Generator Amsterdam is the 10th in the brand’s series of high-end hostels, and its most monumental so far. As in most other Generators, the Amsterdam location’s interior was put together by of Toronto (on this occasion working with local firm ). Some aspects of the project hew close to the brand’s other locations – a design-first approach that encourages social encounters, for example – but other moves place Generator Amsterdam in a class of its own.
At 168 rooms, the hostel’s size is one thing that sets it apart. It occupies a century-old brick edifice in Amsterdam’s trendy Oost neighbourhood in the southeast corner of the city, home to some of the area’s best galleries, shopping, bars and restaurants.
The building sits on the edge of Oosterpark, a large urban park that includes massive monuments and a playground area. The character of this former health sciences building and zoological museum has changed very little on the exterior, but inside it’s a whole different story.
To give the hostel its trademark Generator hipness, while still letting the architectural strengths of the historic building shine through, DesignAgency used a layering strategy. Some spaces in the hostel are historically protected, so the original structure was preserved, then overlaid with funky murals, contemporary furniture, distinctive lighting and plenty of art, much of which makes reference to Dutch culture.
“We knew that we wanted to create something worthy of the city and the prominence of Dutch design, which has always been quirky and fun,” says DesignAgency principal Anwar Mekhayech. “We viewed each design element as a playful intervention in the building. This end of Amsterdam has really blossomed as a creative hub, so it was the perfect home for Generator – staying true to the DNA of the brand, the industrial and heritage nature of the building was revived and highlighted.”
The check-in desk, for instance, is marked by three sets of crossed keys in red neon; the Xs evoke the city of Amsterdam’s logo, while the red neon alludes to its infamous red-light district. Lighting is key throughout the interior: the project includes hundreds of light fixtures reclaimed, restored and redesigned by , an Amsterdam/Berlin company that salvages light fixtures from abandoned East German factories.
These fixtures give the interior a dose of industrial chic that augments the mix of old and new. “The idea was to keep it in line with what might have been there before,” Mekhayech explains. “Simple, industrial and fitting to the building.”
Using glass labware recovered during the renovation, Blom & Blom even created a new chandelier for the bar, which is a focal point of the entire project and occupies the apex of the V-shaped building.
Located in the former auditorium, the bar includes three separate lounge areas: one comprises the existing rows of tiered seating with trays and individual reading lamps, one overlooks the bar from a mezzanine overhead, and one, suspended on a galvanized steel frame, acts like a catwalk, linking all these spaces.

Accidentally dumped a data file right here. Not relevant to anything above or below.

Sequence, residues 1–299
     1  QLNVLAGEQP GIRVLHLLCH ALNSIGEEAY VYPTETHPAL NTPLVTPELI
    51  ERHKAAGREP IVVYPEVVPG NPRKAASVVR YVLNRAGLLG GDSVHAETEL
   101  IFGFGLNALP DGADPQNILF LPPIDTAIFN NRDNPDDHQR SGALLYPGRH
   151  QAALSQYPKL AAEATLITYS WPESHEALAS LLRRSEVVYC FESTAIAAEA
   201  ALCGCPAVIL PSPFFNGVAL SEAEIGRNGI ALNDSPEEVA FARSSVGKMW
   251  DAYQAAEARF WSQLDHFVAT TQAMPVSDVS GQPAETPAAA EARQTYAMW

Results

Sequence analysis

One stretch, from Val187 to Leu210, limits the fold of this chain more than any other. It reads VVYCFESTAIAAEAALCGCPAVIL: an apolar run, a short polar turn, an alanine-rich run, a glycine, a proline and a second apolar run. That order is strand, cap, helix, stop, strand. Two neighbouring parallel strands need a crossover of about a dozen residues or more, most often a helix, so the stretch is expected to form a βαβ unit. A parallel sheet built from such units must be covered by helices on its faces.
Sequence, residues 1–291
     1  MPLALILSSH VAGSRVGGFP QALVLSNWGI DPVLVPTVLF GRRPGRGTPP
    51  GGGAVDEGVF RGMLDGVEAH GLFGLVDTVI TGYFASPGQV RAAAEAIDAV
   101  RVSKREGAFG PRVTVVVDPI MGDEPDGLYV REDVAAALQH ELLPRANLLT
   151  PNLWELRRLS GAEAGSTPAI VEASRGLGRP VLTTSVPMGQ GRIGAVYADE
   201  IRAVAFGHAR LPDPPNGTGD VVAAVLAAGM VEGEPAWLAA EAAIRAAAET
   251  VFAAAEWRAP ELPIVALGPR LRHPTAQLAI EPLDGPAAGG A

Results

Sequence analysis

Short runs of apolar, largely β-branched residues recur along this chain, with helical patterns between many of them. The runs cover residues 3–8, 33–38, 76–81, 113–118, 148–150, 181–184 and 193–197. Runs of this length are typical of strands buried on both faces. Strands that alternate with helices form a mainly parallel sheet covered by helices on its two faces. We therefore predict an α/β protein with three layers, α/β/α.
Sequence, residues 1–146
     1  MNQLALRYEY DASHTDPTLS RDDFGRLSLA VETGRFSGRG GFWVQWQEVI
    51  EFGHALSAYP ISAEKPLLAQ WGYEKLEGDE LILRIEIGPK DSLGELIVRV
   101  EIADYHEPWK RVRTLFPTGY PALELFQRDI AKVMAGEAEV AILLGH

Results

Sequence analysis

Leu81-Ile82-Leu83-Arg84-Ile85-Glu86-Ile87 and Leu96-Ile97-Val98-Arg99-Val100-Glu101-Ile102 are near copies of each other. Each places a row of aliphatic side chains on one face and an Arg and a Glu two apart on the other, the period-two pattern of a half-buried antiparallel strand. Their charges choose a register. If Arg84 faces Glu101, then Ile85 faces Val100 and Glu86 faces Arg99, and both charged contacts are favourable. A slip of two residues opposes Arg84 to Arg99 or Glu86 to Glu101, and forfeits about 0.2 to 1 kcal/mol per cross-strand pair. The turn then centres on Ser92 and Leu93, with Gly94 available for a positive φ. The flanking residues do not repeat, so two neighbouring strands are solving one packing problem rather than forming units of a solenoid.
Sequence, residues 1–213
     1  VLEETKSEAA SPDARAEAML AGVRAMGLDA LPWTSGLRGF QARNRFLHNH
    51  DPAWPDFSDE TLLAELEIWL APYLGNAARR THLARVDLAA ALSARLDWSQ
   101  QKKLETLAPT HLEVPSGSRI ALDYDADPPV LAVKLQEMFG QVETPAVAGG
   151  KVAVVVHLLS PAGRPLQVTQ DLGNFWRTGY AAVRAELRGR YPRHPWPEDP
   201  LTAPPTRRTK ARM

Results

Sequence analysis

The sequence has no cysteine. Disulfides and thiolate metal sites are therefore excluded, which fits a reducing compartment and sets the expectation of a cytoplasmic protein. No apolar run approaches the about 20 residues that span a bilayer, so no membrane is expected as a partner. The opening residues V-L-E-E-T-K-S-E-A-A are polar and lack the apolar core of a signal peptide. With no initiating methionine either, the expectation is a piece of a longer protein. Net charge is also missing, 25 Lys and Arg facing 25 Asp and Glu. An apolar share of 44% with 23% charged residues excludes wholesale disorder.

“The auditorium was sanctioned off as a prime heritage room, so we had to present all our ideas for approvals,” Mekhayech says. “We were inspired by the to add the amazing structural mezzanine that connects the auditorium with the library.” At the front of the room, where the lectern once stood, the bar itself features beer taps and an espresso machine, and repurposes the existing blackboard to display the drinks menu.
Other similar touches enliven spaces throughout Generator Amsterdam. In the cafe, for instance, abstracted house-frame shapes divide the interior into intimate spaces while maintaining transparency and sight-lines, and a floor of brightly coloured tiles pays homage to Holland’s famous tulip fields.
At the entrance, the original marble staircase and stained glass transom above it were preserved, but today, new totem-like sculptures in ceramic and wood by local artist add signature flair. Even the elevator shaft received an injection of fun: muralist lined the shaft with playful graphics, prompting DesignAgency to install a new elevator with glass walls, treating riders to ever-changing views.
“Pieter Ceizer is a friend and artist from Amsterdam – he also worked on the Generator there – so we wanted to include him in a project in his hometown,” says Mekhayech. “Brightside Gallery helped us find local artists; together, they created amazing interventions in a number of spaces.”
While the hostel’s emphasis is squarely on the common areas, the bedrooms received their share of attention: all feature an accent wall with eye-catching Studio Job wallpaper, and the premium private rooms include blankets by textile designer Mae Engelgeer and brass Anglepoise bedside lamps. Tom Dixon’s Offcut stools – a Generator stand-by – are found throughout.
One of the few major architectural changes to the building is a glass-walled addition to the rooftop, which adds two new storeys to the structure. Here, suites are given unobstructed views over the treetops of Oosterpark.